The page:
Alice Hoffman talked with Bookshelf about her most recent young adult novel, Incantation (Little, Brown). Set during the Spanish Inquisition, the book is narrated by 16-year-old Estrella, who must come to terms with her family’s secret identity and her place within it.
What was your inspiration for Incantation?
I have always been interested in the Marranos, the hidden Jews, and what a terrible choice that was to make. So many looked down on them for selling out. The [Marranos] pay such a huge price for their decision. Whatever you decide in a circumstance like that, it’s a no-win situation.
I’ve always felt, as a Jew, that your identity really is hidden and secret much of the time. I was very interested in all of those things. And I realized I knew nothing about the Spanish Inquisition, and my kids knew nothing about it. It had been in none of our history classes, and I wondered, is that what will happen with the Holocaust, as well, that we’ll forget what it was like?
I started to feel that this is really important, especially given what’s going on in the Middle East, and that I needed to try to understand what was going on then.
How did you decide that the subject was best suited to a YA novel rather than a book for adults?
I think for a couple of reasons. One because I’m not a historian and couldn’t write a huge detailed novel. I thought the way to write about [the Inquisition] was in an emotional story. What I really wanted to get at were the core feelings of the people involved. The main character is learning about it just as I was learning about it. I wanted to write for someone who comes to this knowing nothing about the time period or the situation.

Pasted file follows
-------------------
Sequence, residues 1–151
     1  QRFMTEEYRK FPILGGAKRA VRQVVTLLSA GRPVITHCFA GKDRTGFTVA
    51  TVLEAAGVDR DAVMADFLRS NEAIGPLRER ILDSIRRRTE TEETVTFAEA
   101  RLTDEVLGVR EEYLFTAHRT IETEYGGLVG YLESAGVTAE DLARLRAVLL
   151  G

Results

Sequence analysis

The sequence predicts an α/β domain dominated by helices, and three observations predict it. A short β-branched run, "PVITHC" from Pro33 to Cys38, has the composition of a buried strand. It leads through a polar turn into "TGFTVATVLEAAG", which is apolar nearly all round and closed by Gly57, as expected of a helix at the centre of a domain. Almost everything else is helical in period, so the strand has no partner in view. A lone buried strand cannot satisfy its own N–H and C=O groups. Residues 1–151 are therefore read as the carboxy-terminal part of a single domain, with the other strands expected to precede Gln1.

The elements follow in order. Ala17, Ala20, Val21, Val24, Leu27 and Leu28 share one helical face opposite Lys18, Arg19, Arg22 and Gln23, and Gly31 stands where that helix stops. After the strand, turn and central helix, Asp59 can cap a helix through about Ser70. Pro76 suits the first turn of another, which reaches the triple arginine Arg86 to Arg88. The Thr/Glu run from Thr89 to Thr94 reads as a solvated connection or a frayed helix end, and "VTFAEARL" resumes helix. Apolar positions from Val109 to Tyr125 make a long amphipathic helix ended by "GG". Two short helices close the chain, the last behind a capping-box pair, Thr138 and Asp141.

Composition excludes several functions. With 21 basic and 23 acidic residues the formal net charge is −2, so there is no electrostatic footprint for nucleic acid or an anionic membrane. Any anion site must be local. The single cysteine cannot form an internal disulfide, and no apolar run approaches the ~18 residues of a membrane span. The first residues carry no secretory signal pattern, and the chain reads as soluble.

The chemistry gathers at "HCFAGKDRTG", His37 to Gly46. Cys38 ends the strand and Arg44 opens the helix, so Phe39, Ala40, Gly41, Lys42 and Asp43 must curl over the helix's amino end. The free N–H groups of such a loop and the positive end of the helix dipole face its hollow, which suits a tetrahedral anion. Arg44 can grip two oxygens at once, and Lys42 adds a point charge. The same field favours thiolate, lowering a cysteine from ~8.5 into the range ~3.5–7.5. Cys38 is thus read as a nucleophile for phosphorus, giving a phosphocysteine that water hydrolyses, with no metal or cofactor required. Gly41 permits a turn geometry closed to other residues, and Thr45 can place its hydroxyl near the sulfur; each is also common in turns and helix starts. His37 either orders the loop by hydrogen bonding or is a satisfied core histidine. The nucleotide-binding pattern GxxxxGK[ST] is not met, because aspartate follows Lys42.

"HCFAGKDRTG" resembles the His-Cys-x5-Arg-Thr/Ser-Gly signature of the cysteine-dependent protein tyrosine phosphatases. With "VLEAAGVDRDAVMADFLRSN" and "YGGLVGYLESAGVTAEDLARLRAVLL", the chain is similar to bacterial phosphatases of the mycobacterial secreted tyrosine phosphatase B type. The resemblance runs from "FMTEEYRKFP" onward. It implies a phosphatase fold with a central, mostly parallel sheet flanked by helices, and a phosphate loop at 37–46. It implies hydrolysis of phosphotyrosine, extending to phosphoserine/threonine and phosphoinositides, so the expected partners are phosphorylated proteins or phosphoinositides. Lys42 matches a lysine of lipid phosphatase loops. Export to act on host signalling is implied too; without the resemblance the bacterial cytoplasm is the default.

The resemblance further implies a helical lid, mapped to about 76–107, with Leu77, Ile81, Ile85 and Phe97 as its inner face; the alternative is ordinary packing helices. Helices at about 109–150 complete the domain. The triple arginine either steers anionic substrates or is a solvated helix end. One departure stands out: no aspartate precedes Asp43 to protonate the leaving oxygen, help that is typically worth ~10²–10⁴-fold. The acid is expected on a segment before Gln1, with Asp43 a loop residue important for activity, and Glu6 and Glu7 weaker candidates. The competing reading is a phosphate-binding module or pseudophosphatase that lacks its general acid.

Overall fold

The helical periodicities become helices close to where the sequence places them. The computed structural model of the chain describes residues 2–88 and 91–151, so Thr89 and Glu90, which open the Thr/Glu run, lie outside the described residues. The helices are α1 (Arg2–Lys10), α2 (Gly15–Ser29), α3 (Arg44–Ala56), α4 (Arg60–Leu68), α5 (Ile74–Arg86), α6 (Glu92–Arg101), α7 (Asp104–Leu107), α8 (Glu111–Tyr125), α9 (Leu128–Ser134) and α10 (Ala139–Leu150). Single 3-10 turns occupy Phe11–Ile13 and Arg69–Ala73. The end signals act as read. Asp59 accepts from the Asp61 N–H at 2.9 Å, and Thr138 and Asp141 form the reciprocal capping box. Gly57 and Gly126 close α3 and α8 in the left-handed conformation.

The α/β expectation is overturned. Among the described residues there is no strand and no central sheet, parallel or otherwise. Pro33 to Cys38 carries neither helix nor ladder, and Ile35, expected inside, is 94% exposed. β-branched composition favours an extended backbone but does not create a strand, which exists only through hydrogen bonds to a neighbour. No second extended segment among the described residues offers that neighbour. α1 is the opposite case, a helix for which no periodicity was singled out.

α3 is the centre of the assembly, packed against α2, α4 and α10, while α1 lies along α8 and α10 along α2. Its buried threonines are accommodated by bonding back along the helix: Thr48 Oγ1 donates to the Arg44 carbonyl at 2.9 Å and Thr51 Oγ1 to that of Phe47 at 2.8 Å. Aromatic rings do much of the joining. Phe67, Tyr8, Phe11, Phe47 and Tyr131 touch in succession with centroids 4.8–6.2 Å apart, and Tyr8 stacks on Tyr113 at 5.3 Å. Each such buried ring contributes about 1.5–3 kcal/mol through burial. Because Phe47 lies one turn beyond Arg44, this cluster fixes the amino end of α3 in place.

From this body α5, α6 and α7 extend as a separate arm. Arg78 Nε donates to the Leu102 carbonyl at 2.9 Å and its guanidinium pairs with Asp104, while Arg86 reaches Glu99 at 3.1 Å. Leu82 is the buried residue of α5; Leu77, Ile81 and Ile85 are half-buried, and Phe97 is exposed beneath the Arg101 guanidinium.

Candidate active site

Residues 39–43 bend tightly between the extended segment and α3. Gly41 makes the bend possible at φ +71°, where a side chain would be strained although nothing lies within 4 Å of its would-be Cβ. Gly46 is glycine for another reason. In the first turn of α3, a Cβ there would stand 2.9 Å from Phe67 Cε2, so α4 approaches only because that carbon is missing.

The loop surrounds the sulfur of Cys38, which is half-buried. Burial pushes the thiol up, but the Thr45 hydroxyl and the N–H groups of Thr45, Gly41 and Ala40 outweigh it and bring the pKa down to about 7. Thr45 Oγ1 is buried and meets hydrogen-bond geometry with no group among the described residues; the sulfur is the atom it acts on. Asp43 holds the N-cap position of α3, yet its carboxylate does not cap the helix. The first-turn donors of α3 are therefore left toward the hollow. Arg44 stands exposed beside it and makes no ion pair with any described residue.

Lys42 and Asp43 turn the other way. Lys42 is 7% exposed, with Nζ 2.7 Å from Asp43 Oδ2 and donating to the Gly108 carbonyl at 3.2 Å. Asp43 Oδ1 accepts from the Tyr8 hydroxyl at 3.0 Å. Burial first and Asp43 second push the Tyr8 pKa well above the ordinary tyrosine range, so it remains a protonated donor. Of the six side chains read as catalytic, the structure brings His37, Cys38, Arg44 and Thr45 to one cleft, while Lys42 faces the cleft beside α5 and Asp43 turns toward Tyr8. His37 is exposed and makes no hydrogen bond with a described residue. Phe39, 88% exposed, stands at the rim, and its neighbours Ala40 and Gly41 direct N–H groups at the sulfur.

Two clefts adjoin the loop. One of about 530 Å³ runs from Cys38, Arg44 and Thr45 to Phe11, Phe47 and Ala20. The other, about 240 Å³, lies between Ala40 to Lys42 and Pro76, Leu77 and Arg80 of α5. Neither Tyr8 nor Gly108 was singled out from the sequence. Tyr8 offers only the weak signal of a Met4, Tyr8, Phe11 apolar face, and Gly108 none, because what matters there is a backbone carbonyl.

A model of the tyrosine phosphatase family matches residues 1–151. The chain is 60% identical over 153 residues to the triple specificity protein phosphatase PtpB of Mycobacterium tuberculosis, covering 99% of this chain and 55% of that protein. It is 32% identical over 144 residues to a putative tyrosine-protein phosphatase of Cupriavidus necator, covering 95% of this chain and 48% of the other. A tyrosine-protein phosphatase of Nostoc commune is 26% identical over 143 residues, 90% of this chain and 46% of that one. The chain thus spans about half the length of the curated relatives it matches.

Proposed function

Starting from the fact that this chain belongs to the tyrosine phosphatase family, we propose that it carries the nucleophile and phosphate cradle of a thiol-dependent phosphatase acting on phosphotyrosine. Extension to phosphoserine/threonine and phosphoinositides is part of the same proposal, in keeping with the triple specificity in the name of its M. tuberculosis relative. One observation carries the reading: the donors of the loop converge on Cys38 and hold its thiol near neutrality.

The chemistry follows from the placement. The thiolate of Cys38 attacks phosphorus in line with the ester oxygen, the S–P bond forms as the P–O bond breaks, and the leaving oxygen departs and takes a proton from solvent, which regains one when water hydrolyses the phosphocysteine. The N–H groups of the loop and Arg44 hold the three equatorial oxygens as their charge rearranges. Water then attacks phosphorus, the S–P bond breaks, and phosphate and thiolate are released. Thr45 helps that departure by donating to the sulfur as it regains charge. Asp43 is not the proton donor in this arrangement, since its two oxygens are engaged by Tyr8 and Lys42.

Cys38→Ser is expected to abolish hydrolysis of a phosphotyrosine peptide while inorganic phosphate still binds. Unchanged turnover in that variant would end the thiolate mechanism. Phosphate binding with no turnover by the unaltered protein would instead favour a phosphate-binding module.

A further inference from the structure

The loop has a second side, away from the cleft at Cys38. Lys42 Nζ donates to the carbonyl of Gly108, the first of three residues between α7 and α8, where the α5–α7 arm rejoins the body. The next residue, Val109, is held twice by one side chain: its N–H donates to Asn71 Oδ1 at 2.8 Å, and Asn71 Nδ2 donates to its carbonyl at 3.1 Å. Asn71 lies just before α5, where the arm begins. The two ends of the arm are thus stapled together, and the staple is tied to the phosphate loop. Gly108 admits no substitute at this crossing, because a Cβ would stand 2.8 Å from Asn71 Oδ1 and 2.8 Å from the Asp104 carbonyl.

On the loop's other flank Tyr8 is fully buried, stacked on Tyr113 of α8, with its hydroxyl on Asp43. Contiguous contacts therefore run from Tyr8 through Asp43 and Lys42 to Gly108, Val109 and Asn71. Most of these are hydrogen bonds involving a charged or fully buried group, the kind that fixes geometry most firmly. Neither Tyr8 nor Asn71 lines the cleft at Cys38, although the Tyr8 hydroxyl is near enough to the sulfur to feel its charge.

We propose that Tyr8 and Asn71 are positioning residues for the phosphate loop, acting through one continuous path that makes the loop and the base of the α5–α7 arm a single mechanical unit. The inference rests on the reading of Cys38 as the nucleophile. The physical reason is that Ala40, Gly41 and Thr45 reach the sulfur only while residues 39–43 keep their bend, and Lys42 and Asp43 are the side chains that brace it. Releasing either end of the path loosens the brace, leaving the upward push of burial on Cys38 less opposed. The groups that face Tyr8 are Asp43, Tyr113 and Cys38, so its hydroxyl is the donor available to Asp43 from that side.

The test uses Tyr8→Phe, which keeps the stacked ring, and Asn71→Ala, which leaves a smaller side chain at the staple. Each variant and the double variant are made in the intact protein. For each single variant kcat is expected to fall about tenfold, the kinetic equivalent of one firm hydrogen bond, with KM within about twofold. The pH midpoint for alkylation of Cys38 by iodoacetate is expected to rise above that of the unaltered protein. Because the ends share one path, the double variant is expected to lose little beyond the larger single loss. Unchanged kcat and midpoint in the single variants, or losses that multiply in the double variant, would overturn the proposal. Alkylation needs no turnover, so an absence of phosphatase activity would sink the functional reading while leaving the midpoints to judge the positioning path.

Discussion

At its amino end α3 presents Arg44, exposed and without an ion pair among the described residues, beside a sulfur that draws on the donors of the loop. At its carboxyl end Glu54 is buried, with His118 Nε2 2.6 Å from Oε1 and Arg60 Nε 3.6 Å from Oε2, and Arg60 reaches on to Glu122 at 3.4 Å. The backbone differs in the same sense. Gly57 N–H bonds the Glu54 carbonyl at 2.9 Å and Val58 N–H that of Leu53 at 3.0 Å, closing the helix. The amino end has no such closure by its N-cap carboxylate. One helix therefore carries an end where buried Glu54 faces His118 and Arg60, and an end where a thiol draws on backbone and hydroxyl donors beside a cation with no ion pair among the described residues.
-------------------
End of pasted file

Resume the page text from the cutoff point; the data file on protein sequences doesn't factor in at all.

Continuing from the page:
It’s strange how some things have come to me as teen novels—the books that are the most emotionally raw, like Green Angel, which is about 9/11, and The Foreshadowing, about the involvement in war. Whenever I’ve had these big questions for myself, they’ve come as teen novels.
These teen novels are brutally emotional, and I think that teen readers understand this state. Adults are more analytical and perhaps removed from that emotional state.
Why write this book now?
For me, it’s directly related to what’s happening in the Middle East, to the position of Jews in the world, to this sense, really, [of what] Mel Gibson said: “The Jews are at the bottom of every war.” It’s a sentiment that [is not his] alone.
When I read about the history of Spain, [I saw] that there was a time when this wasn’t true, when Muslims were in control and Jews had rights. It seems to me I was trying to explain for myself what’s being played out in the Middle East.[Also]
I was on a book tour and I was staying at this—what I thought of as—haunted hotel in Miami. I did a reading and when I went back, the cab driver said, out of the blue, “There was a synagogue in Cuba, and when Castro came, the head rabbi put a spell on the door, so he couldn’t get past the doors.” I know now that Castro is said to be on a list of possible Marranos, that his mother was allegedly Jewish. I thought, “This is a strange story that the cab driver is telling me,” and I thought, “I’m meant to write this book.”
It was interesting to me, too, because of how religion and magic are so intertwined for a lot of people. Spain was the one European country where there was no witch hunt. In [Incantation], the focus is on Kabbalah, which is a philosophy and study, not magic. But the whole idea [in Spain at that time] of books being equated as the dangerous spark—it’s always the burning of books that are at the center.
Someone pointed out to me that the Jewish religion is the one religion where, in order to become a man, one must be able to read. That’s really part of the legacy and the tradition. And now in the Muslim countries, women are not allowed to learn or be educated. It’s just so sad that that keeps happening again and again.
Do you think the themes of the Spanish Inquisition have resonance today?
Yes, I think hugely. So many barbarous things are done in the name of religion that have nothing to do with religion but have more to do with fear and greed. It seems that we’re in the midst of something that feels very similar to me. Religion is like a powder keg right now.